What do the following names have in common?
Mark Zuckerberg, Henry Ford, Evel Kneivel, Larry Sonsini, Christopher Dolan, John Wayne, Gloria Steinem, George Lucas, Clarence Darrow, Jackie Robinson, and Martha Stewart.
When these names are mentioned we associate them with their feats and what makes them remarkable. To varying degrees this is what attorneys should think of when they think of their footprints in the marketplace. These people have done what I call “become their market.”
I strongly believe that becoming your market can be a key factor in your growth and success. Here are some measurable strategies, tactics and tips that I have seen work to help people accomplish this:
Be Active in Associations, Groups and Organizations
This applies to bar associations, your professional groups such as Chambers of Commerce, industry specific groups, and pro bono organizations. Take advantage of the myriad of member benefits available to you. Your personal involvement will pay off. Take it a step farther and set some goals for involvement. At the very least, join at least two groups before the end of 2012. As an example, if you are involved in intellectual property law, join the American Intellectual Property Law Association (AIPLA).
Once you have settled in as an active member, begin volunteering your time and talents. Do you love to write? Contribute articles to the associations’ newsletters. When there is a call for committee members, raise your hand and devote your time. If you are lucky enough to be comfortable with public speaking, get out at a meeting or a conference and display your expertise.
The point is to use your strengths and do what’s comfortable. I have found that serving on a committee really put me in the midst of people with whom I wanted to do business. I still have relationships with several committee members with whom I’ve served from more than ten years ago.
Use the Press to Your Advantage
After fifteen years in the legal press, I can attest to the advantages of becoming close with beat reporters and editors in your practice area. Reporters and editors truly value a consistent and reliable source, especially at 4:00 pm on the eve of a breaking story. One of my friends is a legal recruiter and she has appeared in the Bay Area legal press several times over the years to comment on career trends or offer her opinion on firm moves. A by-product of her availability is that her name and her company’s name have become top of mind.
In addition, once you are quoted more and more you can begin to use these articles as material for your own website, email newsletters, blogs and social media outlets.
Give Social Media Time & Attention
The future is now. If you are not getting involved with social media as a tool to increase business for you and your firm, you should know that it is highly likely that your clients and prospects are. Furthermore, the generation that is coming out of law school these last few years use social media as regularly as we used to use rotary phones.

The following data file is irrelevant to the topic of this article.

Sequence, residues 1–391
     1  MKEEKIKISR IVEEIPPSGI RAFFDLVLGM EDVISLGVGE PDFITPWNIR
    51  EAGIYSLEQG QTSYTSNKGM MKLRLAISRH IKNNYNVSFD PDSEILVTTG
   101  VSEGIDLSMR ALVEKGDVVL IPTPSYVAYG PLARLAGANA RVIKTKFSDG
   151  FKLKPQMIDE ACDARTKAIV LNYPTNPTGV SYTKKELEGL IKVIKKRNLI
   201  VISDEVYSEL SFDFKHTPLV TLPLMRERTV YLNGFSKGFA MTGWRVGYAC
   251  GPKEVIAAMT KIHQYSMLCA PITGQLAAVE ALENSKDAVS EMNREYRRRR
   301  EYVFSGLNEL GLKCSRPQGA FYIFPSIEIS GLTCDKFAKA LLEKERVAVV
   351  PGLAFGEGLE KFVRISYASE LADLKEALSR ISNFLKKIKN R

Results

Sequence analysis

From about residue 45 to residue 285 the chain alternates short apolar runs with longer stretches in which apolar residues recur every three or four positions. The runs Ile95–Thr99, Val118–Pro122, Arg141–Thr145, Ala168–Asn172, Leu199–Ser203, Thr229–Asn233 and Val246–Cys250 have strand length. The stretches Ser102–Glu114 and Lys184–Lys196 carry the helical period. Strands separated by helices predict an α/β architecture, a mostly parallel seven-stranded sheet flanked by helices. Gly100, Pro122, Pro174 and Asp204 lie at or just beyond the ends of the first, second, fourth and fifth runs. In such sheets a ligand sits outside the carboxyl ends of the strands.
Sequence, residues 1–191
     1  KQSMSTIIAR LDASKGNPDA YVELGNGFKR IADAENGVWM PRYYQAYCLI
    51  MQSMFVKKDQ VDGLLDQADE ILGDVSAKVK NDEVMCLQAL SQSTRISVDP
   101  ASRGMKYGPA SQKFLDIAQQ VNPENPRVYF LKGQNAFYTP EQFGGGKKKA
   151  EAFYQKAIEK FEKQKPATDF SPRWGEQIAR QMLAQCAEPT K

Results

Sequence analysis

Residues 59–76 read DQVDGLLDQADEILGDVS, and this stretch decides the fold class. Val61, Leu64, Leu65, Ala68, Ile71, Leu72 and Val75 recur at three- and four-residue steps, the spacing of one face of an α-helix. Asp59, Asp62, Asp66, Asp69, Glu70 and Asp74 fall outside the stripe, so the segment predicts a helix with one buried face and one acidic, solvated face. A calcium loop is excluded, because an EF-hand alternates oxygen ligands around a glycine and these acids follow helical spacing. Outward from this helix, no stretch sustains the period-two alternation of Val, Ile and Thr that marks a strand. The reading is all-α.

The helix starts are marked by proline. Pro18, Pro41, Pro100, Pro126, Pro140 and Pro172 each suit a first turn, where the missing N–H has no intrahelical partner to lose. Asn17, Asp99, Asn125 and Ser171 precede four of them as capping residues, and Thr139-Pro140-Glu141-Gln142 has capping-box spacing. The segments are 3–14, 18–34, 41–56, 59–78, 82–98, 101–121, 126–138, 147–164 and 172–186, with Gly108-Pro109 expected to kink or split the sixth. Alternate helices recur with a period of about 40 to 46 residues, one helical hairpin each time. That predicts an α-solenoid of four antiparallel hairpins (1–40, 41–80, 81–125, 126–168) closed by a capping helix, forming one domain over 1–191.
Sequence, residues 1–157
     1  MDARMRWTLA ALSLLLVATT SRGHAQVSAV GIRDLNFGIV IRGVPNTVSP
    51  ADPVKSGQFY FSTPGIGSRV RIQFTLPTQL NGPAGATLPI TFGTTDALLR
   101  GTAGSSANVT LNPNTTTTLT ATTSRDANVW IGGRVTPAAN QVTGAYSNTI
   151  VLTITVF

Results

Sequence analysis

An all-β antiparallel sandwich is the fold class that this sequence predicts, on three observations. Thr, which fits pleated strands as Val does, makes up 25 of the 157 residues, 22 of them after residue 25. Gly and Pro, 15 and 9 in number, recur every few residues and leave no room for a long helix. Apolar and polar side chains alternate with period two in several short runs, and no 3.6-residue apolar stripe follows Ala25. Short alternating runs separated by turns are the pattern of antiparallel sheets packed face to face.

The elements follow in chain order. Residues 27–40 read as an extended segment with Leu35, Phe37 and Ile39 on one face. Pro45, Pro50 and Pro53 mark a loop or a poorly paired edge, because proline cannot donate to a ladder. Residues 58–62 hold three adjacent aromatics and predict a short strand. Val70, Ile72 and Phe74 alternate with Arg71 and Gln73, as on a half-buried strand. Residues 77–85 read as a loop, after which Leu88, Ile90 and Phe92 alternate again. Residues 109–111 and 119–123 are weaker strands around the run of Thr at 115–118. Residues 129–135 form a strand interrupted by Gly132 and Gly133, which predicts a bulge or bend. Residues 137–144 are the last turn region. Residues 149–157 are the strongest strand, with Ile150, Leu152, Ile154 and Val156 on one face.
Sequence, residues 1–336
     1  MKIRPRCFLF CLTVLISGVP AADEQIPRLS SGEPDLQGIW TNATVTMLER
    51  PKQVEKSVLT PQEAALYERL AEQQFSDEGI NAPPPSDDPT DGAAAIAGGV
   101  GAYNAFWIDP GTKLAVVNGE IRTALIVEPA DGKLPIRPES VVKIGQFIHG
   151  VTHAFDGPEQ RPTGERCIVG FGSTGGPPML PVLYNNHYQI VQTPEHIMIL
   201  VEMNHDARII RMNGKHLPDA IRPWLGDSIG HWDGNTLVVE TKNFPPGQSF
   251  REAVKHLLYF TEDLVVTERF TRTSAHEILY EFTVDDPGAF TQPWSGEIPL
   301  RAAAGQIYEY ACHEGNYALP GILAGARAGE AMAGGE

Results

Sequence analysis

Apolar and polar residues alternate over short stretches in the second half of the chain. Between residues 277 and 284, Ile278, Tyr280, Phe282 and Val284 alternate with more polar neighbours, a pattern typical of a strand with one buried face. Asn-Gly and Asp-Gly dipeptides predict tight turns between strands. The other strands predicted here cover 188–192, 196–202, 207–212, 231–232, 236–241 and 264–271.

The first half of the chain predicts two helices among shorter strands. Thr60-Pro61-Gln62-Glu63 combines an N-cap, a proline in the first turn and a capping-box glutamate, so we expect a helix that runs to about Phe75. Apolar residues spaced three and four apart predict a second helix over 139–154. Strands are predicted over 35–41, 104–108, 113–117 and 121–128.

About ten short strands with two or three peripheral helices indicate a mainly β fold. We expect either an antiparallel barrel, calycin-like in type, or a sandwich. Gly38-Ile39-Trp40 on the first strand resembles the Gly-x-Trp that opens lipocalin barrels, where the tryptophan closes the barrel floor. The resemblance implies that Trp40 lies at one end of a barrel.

Social media deserves its own article. For now I will offer some thoughts and tips on three of the more widely used tools.
There are more than 120 million people on LinkedIn. I often suggest that people concentrate on three areas within LinkedIn to maximize their activity and visibility. First, you should complete, update and maintain your individual profile. This includes requesting recommendations from people. Secondly, research the kinds of LinkedIn Groups you want to become involved with and join in. And lastly you should take advantage of the Company Pages on LinkedIn for your firm.
LinkedIn is constantly adding tools and features you can use to interact on either of these three levels of involvement. For instance, you can post an interesting article on your personal profile, ask and answer questions within your Groups, and even post a poll on your Company Page. One tip about Groups: if you don’t see a Group in your area of interest, LinkedIn makes it very easy to create your own.
Twitter, the famous microblogging service, is a social media platform where you can follow and be followed by whomever you wish, You are able to distribute, or tweet, messages, ask questions, post articles of interest and interact with clients and prospects as long as your messages are 140 characters or less. One person I follow must send out a dozen messages daily, and whenever I think of attorney blogging, his name comes to mind. What’s more, you can set up your Twitter feeds to appear on your LinkedIn home page as well, which provides much more exposure to you and your messages.
Of course, the ubiquitous Facebook platform is another way for you and your firm to get exposed to clients and prospects. I will admit that I think Facebook is more for personal and family life but I do know some attorneys and law firms that have devoted some time and energy to their Facebook pages.
Of course, nothing will trump providing excellent legal services. However, differentiation is a key factor in the competitive legal marketplace. I know attorneys, practice areas and firms will see results and “become their markets” if they implement a few of the above strategies and tactics.
Austin Holian has nearly 25 years of media and business development experience. Austin recently started Big Picture Business Development, focusing on helping attorneys, firms and legal service providers find the most effective and creative ways to get and remain in front of clients and prospects. Contact Austin at Austin@bigpicturebusinessdevelopment.com and (925) 849 2429
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